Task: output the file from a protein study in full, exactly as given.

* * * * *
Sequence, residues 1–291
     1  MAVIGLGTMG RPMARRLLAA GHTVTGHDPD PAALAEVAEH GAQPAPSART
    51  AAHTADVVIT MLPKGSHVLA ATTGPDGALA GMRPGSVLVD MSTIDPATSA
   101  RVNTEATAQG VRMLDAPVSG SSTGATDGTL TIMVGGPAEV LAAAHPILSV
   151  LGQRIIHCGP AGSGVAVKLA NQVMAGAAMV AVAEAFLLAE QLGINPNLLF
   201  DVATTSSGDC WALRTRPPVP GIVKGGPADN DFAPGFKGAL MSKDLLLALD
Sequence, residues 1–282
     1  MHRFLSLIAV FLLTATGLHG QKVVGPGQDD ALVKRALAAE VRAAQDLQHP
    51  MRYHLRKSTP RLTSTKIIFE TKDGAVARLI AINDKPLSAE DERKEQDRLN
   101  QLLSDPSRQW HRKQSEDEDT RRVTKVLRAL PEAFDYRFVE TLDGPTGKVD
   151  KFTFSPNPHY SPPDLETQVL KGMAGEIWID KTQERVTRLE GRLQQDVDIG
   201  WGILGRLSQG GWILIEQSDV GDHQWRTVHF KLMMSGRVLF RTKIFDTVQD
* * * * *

Sequence, residues 1–291
     1  MAVIGLGTMG RPMARRLLAA GHTVTGHDPD PAALAEVAEH GAQPAPSART
    51  AAHTADVVIT MLPKGSHVLA ATTGPDGALA GMRPGSVLVD MSTIDPATSA
   101  RVNTEATAQG VRMLDAPVSG SSTGATDGTL TIMVGGPAEV LAAAHPILSV
   151  LGQRIIHCGP AGSGVAVKLA NQVMAGAAMV AVAEAFLLAE QLGINPNLLF
   201  DVATTSSGDC WALRTRPPVP GIVKGGPADN DFAPGFKGAL MSKDLLLALD
Sequence, residues 1–282
     1  MHRFLSLIAV FLLTATGLHG QKVVGPGQDD ALVKRALAAE VRAAQDLQHP
    51  MRYHLRKSTP RLTSTKIIFE TKDGAVARLI AINDKPLSAE DERKEQDRLN
   101  QLLSDPSRQW HRKQSEDEDT RRVTKVLRAL PEAFDYRFVE TLDGPTGKVD
   151  KFTFSPNPHY SPPDLETQVL KGMAGEIWID KTQERVTRLE GRLQQDVDIG
   201  WGILGRLSQG GWILIEQSDV GDHQWRTVHF KLMMSGRVLF RTKIFDTVQD